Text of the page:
Surveillance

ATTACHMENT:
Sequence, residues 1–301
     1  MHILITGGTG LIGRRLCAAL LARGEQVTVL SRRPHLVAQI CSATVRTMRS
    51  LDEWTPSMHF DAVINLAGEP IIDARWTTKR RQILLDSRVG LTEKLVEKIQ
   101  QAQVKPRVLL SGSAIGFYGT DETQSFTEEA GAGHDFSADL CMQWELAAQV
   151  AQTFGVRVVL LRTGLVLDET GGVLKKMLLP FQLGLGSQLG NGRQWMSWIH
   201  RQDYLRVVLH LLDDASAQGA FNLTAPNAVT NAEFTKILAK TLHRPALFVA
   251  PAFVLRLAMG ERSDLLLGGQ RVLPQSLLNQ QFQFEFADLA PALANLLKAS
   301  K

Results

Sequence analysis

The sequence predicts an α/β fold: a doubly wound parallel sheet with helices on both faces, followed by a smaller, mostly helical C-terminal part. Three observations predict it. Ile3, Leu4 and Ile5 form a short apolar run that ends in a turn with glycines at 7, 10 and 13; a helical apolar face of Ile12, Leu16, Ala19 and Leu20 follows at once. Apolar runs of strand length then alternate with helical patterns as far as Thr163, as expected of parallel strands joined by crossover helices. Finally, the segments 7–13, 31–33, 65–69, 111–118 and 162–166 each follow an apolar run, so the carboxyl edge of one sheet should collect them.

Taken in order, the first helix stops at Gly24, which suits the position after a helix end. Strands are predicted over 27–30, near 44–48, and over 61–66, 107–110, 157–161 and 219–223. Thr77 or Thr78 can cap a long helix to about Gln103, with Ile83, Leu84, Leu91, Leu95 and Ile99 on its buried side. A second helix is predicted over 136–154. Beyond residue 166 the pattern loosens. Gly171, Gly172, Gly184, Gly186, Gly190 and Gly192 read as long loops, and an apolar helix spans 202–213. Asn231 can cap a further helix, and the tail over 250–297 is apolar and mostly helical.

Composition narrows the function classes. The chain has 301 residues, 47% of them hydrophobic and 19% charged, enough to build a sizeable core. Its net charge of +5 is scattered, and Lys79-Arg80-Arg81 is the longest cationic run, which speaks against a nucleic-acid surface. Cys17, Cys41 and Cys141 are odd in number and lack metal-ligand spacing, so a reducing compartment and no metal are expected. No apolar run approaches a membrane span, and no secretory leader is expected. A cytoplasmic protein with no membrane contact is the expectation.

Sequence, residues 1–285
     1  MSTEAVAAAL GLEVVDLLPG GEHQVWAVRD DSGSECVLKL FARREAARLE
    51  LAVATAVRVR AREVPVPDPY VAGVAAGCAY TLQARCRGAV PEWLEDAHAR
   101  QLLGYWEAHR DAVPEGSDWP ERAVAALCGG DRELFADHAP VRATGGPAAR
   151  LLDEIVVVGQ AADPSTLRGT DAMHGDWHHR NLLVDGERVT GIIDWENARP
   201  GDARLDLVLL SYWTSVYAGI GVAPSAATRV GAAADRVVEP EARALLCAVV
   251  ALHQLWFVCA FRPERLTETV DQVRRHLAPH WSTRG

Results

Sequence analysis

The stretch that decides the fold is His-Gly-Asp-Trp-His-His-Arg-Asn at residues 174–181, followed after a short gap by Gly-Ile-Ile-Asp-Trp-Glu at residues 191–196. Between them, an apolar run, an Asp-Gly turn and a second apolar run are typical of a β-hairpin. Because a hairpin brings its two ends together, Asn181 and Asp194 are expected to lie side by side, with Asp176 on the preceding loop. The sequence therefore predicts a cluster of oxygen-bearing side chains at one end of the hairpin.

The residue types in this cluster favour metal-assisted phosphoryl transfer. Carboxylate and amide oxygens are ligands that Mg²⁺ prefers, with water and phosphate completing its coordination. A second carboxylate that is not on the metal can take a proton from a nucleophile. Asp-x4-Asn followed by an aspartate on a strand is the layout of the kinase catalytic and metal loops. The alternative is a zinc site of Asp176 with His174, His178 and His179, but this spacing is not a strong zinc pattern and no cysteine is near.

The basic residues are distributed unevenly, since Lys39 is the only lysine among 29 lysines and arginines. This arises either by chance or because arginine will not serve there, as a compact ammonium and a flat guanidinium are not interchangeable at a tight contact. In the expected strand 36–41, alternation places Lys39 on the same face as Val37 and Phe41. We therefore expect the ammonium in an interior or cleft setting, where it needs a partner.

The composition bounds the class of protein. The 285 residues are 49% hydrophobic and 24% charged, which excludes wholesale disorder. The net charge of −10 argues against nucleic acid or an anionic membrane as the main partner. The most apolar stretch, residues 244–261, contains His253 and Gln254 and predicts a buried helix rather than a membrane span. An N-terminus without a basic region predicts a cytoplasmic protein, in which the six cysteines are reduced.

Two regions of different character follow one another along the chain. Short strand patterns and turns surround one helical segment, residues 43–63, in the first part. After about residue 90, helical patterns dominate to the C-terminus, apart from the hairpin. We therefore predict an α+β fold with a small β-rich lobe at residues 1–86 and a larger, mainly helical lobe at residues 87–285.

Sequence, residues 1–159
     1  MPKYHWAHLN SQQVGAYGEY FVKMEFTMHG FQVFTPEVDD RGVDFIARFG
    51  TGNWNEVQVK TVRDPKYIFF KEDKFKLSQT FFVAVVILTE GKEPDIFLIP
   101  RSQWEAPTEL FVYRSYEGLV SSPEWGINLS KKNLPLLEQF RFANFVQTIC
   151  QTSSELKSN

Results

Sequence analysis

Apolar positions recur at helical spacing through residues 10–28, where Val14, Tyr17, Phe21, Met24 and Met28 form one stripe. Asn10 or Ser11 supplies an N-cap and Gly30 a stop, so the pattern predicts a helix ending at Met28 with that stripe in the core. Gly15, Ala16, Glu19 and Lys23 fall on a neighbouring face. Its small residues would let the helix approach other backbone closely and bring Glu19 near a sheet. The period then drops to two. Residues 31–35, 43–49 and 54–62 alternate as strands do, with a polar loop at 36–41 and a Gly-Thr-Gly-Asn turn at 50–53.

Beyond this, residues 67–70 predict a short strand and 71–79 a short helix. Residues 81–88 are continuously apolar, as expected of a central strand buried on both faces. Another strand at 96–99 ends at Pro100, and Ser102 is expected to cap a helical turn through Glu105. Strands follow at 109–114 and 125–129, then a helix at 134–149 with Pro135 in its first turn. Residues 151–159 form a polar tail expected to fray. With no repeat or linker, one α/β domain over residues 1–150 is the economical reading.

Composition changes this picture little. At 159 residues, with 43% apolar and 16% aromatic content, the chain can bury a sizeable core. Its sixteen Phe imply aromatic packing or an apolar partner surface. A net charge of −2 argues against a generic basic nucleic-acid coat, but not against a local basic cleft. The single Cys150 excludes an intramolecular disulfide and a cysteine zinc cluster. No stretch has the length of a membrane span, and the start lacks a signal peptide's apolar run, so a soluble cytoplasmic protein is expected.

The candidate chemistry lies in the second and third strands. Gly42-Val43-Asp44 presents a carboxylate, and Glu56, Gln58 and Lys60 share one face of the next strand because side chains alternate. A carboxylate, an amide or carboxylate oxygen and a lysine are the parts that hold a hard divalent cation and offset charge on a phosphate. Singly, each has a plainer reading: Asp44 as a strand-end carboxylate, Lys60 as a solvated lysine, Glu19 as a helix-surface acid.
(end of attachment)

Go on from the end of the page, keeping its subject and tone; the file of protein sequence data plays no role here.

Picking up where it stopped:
https://sm.asisonline.org/Pages/Surveillance-and-Stereotypes.aspxSurveillance and StereotypesGP0|#cd529cb2-129a-4422-a2d3-73680b0014d8;L0|#0cd529cb2-129a-4422-a2d3-73680b0014d8|Physical Security;GTSet|#8accba12-4830-47cd-9299-2b34a43444652017-04-01T04:00:00Z<p>​Juveniles make up 40 percent of the shoplifters in the United States. Shoplifters, in total, contribute to billions of dollars of loss each year, according to the National Association for Shoplifting Prevention’s 2014 report <em>Shop­lifting Statistics.</em></p><p>To combat adolescent shoplifting, according to the report, retailers depend on private security officers combined with other security measures, including security cameras, observation mirrors, and radio-frequency identification (RFID) tags. </p><p>The key to apprehending juveniles during or after shoplifting, however, is to correctly determine whom to surveil. Security personnel often rely on a combination of common underlying physical characteristics—race, gender, and age—and behavioral indices—glancing at clerks nervously, assessing security measures, and loitering—to distinguish shoppers from potential shoplifters. </p><p>Are these surveillance decisions a result of bias? To find out, the authors conducted original academic research funded by the John Jay College of Criminal Justice of the City University of New York on how stereotypes play into who is suspected of shoplifting, how that suspect is dealt with, and what private security can do to limit discriminatory practices.​</p><h4>Existing Data</h4><p>A 2003 Journal of Experimental Psychology article, “The Influence of Schemas, Stimulus Ambiguity, and Interview Schedule on Eyewitness Memory Over Time,” which discussed research findings and lawsuits against retailers, concluded that stereotypes of juvenile shoplifters may unduly influence security officers to target juveniles on the basis of their physical characteristics, rather than their behaviors.</p><p>Over the past 20 years, the media has reported on cases in which the retail industry engaged in discriminatory practices. This is known as consumer racial profiling (CRP), “the use of race and or ethnicity to profile customers.” According to a 2011 study in the Criminal Justice Review, “Public Opinion on the Use of Consumer Racial Profiling to Identify Shoplifters: An Exploratory Study,” officers sometimes use CRP to determine which juvenile shoppers are potential or actual thieves. </p><p>Most people develop negative stereotypes about juvenile thieves through exposure to various types of media, particularly when they reside in areas that contain few minorities. The media has the unique ability to both shape and perpetuate society’s beliefs about which juveniles typically commit offenses through its selective coverage of crimes. </p><p>It is also common for the media to portray adolescents—particularly boys—as criminals. Biases are then used, whether consciously or unconsciously, in the private sector by retailers and security officers to target shoppers, and in the public sector by those in the legal system, including law enforcement officers, prosecutors, judges, and even legislators, to arrest and prosecute thieves.</p><p>The consequences of applying discriminatory practices can be seen in the private sector through lawsuits against retailers. Ethnic minority shoppers purport that they were targeted through excessive surveillance—and even through false arrests. </p><p>Researchers have shown that this automated bias occurs even when observers were trained to focus on behavioral cues, and it persists despite findings that shoplifting occurs across racial and ethnic groups, according to the 2004 Justice Quarterly article “Who Actually Steals? A Study of Covertly Observed Shoplifters.”</p><p>Stereotypes also affect retailers’ decisions on how to handle shoplifters, either formally by involving the police, or informally. The results of accumulated discrimination, accrued during each step in the legal process—initial involvement of police, decision to prosecute, conviction, and sentencing—continue in the legal system. This is evidenced by the disproportionate number of African- and Latin-American boys shown in the apprehension and arrest statistics of juvenile thieves, compared to their representation in the population, according to Our Children, Their Children: Confronting Racial and Ethnic Differences in American Juvenile Justice, a book published by the Chicago University Press. ​</p><h4>Current Research</h4><p>To test the premise that there is a widespread stereotype of the typical juvenile thief and shoplifter, our research team obtained information from young adults in two diverse areas:  97 psychology-major college students in a small city in the U.S. state of Kansas, and 156 security and emergency management majors at a college in a large city in New York state. </p><p><strong>Shoplifter profile. </strong>The psychology-major students were 83 percent European American. The rest of the students were represented as follows: 5 percent African American, 2 percent Asian American, 1 percent Latin American, and 9 percent of mixed or unknown descent.</p><p>The security and emergency management major students—72 percent of whom were male—came from a variety of backgrounds: 31 percent European American, 37 percent Latin American, 19 percent African American, 9 percent Asian American, and 2 percent Middle Eastern American.</p><p>Participants in both locations were asked to guess the common physical characteristics of a typical juvenile shoplifter—age, gender, ethnicity or race, and socioeconomic status. </p><p>The stereotypical juvenile shoplifters described by both the Kansas and New York respondents were remarkably similar: male, aged 14 to 17, and from lower- to middle-class families of African-American, Latin-American, or European-American descent. The two samples also indicated that the stereotypical thief was likely to have short or medium length brown or black hair and an identifying mark—such as a piercing. </p><p>These findings show commonality in the prevalence of certain physical characteristics, despite the diversity of the two groups of respondents, and demonstrate that American society has a well-developed juvenile shoplifter stereotype.</p><p><strong>Decision processes. </strong>After determining the stereotype, the research team considered whether juvenile shoplifter stereotypes affected respondents’ decisions. The goal was to determine the degree to which the respondents believed that physical characteristics influenced the security guards’ decisions regarding whom to surveil, and what consequences to apply when a youth was caught stealing.</p><p>The New York respondents read a brief scenario describing a juvenile shoplifter as either male or female and from one of five backgrounds: European American, African American, Asian American, Latin American, or Middle Eastern American. However, the description of the overt behaviors by the juvenile was the same for every scenario—selecting and returning shirts in a rack, glancing around the store, and stuffing a shirt into a backpack.</p><p>Respondents provided their opinions about the degree to which the security officer in the scenario relied on physical characteristics in surveilling a juvenile, and whether the retail manager and security officer should impose informal or formal sanctions on the shoplifter. Researchers reasoned that respondents should draw identical conclusions for surveillance and sanctions if they were simply evaluating the juvenile shoplifters’ behaviors, but that students would have different recommendations for these choices if their racial or ethnic stereotypes were activated.</p><p>Respondents who indicated a preference for applying informal sanctions did so more frequently for girls of African-American and Middle Eastern-American descent. These respondents also assessed that the officer described in the scenario based his or her surveillance decisions on physical characteristics. No other gender differences for race or ethnicity were notable when considering reliance on physical characteristics.</p><p>Stereotypes also affected decisions on how to sanction the shoplifter. Respondents were given the option of implementing one of four informal sanctions: speak to the juvenile, call parents to pick up the juvenile, get restitution, or ban the youth from the store. Their selection of the least severe sanction—talk to the juvenile—was doled out at a higher rate for boys than for girls of each ethnicity except European Americans, which did not differ.</p><p>The moderate level sanction—call the youth’s parents—was selected more for girls than for boys of African and Latin descent. The most severe level sanction—ban the youth from the store—was selected more for boys than for girls of African descent. However, it was selected more for girls than for boys of Asian, European, and Middle Eastern descent.<img src="/ASIS%20SM%20Callout%20Images/0417%20Feature%202%20Chart%201.jpg" class="ms-rtePosition-2" alt="" style="margin:5px;width:510px;" /></p><p>Respondents who indicated a preference for applying formal sanctions attributed physical characteristics to the guards’ surveillance decision for girls more than for boys of Latin descent; gender differences were not apparent for the other ethnicities. </p><p>Respondents were also given five formal sanctions for the youths: involve the police, prosecute the theft as larceny, impose a fine, give the youth diversion or community service, or put the incident on the youth’s criminal record. Their selection of the least severe sanction—involve the police—was endorsed more for boys than for girls of Asian, European, and Latin descent, but more for girls than for boys of African descent. No gender difference was apparent for youths of Middle Eastern descent.</p><p>The most severe sanction—diversion or community service—was preferred more for boys than for girls of African descent. A small percentage of respondents endorsed a criminal record for the theft of a shirt, but only for girls of African and European descent and for boys of Middle Eastern descent.</p><p>Finally, a comparison of our data revealed that respondents believed informal—rather than formal—consequences should be imposed for girls rather than for boys of Asian and European descent, and for boys rather than for girls of Latin descent. ​<img src="/ASIS%20SM%20Callout%20Images/0417%20Feature%202%20Chart%202.jpg" class="ms-rtePosition-2" alt="" style="margin:5px;width:519px;" /></p><h4>Lessons Learned</h4><p>Our findings clearly demonstrate that people have stereotypes about juvenile shoplifters. They also showed that people unconsciously use the typical physical characteristics of gender and race or ethnicity associated with their criminal stereotypes to make decisions and recommendations, such as whom to surveil and how to handle a shoplifting incident. Otherwise, there would not have been a difference in how the juvenile shoplifter was processed or punished, because the behaviors exhibited by all of the juveniles were identical across scenarios.</p><p>Consumer racial profiling is a defective filtering system that may direct private security officers’ attention to characteristics that are not reflective of actual shoplifting conduct. Our data suggests that CRP not only hurts retail businesses by discouraging minority consumers from shopping in their stores, but also simultaneously prevents security officers from apprehending shoplifters.</p><p>Other research, such as from “Juvenile Shoplifting Delinquency: Findings from an Austrian Study” published in the 2014 Journal for Police Science and Practice, shows that only 10 percent of juveniles are caught shoplifting. Even more disconcerting, the typical shoplifter steals on average 48 to 150 times before being apprehended. Clearly, retailers need a better strategy if they are to reduce loss due to shoplifting.</p><p>Another issue that was addressed was the decision to involve the legal system. Many businesses, despite having posted prosecution warnings, reported only about half of the adolescent shoplifters they caught to the police. </p><p>Retailers instead focus on minimizing loss and negative publicity, and may rationalize against reporting the offense to the police because they do not want to stigmatize the adolescent or because they consider it a one-time incident, particularly when the juvenile admits to the theft and then pays for or returns the items, according to the U.S. Department of Justice’s (DOJ) Community Oriented Policing Services.</p><p>These beliefs, however, may be misguided. Though current research is scarce, a 1992 study—The Sociology of Shoplifting: Boosters and Snitches Today—indicated that 40 to 50 percent of apprehended adolescent shoplifters reported that they continued shoplifting. </p><p>There are benefits for retailers who involve the legal system, especially for informal police sanctions. </p><p>First, criminal justice diversion programs and psychological treatment and educational programs treatment may reduce recidivism. For example, shoplifters who attended and completed a diversion program had significantly fewer re-arrests compared to those who failed to complete or did not attend, a DOJ study found.</p><p>Second, the private sector needs the support of the public sector to reduce shoplifting. Shoplifters can be given an opportunity to participate in first offender programs and, upon completion of classes on the effects of shoplifting, have their charges dismissed or even erased. ​</p><h4>Recommendations</h4><p>Retailers and private security officers need training to make them aware of their own biases and how their stereotypes affect their choices. They also need training to learn which behavioral indices are most effective in distinguishing shoppers from shoplifters. </p><p>If retailers do not make significant changes in guiding their employees—particularly security officers—towards objective measures of vigilance to prevent shoplifting, their financial loss will continue to be in the billions of dollars. </p><p>Private security officers must be taught how to treat all potential shoplifters, regardless of their gender, in the same way to prevent making mistakes and subjecting retailers to lawsuits for discriminatory security practices.</p><p>Overcoming unconscious biases is difficult. Prior to specialized training in bias identification and behavioral profiling, it is important to determine the biases of security officers. Self-assessment measures similar to the ones the researchers used in their study can be administered. </p><p>The officers should also keep records that specify each incident of shoplifting, what behaviors drew their attention to warrant surveillance, what act occurred to provoke them to approach the juvenile shoplifter, the items that were taken, the method used, the shoplifter’s demographics, how the situation was handled, who made the decision, and reasons for the decision. The officers should then review these records with their retail managers.</p><p>Retailers should also implement a mandatory training program to provide private security officers with the tools needed to identify shoplifting behaviors to increase detection and reduce shrink. </p><p>The incident records could be introduced and used to help identify the impact biases have on private security professionals’ decisionmaking about juvenile shoplifters. It would also help security guards learn the various types of suspicious behaviors that shoplifters exhibit, such as juveniles who make quick glances at staff, examine items in remote aisles, monitor security cameras and mirrors, and purposefully draw employees’ attention away from others.</p><p>Additionally, a practical component would be to show surveillance videos of the behaviors exhibited by juvenile shoplifters of different gender and race or ethnicity. In this way, the findings of past studies showing the insignificance of race, ethnicity, or gender can be learned through real-world examples.  </p><p>--<br></p><p><em><strong>Dr. Lauren R. Shapiro </strong>is an associate professor in the Department of Security, Fire, and Emergency Management at John Jay College of Criminal Justice. She has published several journal articles and chapters on the role of stereotypes in perception and memory for crime and criminals. <strong>Dr. Marie-Helen (Maria) Maras</strong> is an associate professor at the Department of Security, Fire, and Emergency Management at John Jay College of Criminal Justice. She is the author of several books, including Cybercriminology; Computer Forensics: Cybercriminals, Laws, and Evidence; Counterterrorism; and Transnational Security.   ​</em></p>